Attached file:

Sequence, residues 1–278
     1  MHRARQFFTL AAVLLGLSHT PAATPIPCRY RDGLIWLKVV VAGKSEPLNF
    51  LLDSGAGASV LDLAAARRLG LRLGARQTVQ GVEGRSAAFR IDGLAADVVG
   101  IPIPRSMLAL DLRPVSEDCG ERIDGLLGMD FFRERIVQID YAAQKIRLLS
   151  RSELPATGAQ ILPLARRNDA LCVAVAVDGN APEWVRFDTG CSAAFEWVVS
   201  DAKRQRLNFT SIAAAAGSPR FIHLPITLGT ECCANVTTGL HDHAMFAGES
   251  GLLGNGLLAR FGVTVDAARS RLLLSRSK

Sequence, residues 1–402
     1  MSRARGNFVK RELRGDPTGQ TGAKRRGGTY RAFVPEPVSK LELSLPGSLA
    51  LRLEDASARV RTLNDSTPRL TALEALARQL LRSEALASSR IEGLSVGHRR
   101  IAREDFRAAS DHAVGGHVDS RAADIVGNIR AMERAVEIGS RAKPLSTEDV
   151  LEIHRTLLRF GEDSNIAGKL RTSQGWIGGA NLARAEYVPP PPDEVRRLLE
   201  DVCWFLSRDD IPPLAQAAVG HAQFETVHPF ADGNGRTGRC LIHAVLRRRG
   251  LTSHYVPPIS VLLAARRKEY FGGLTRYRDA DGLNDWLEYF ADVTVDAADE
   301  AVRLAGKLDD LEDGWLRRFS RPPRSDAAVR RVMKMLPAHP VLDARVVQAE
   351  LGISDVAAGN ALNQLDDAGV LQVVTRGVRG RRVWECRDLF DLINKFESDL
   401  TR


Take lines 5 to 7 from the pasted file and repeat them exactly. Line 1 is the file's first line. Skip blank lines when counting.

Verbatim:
   151  RSELPATGAQ ILPLARRNDA LCVAVAVDGN APEWVRFDTG CSAAFEWVVS
   201  DAKRQRLNFT SIAAAAGSPR FIHLPITLGT ECCANVTTGL HDHAMFAGES
   251  GLLGNGLLAR FGVTVDAARS RLLLSRSK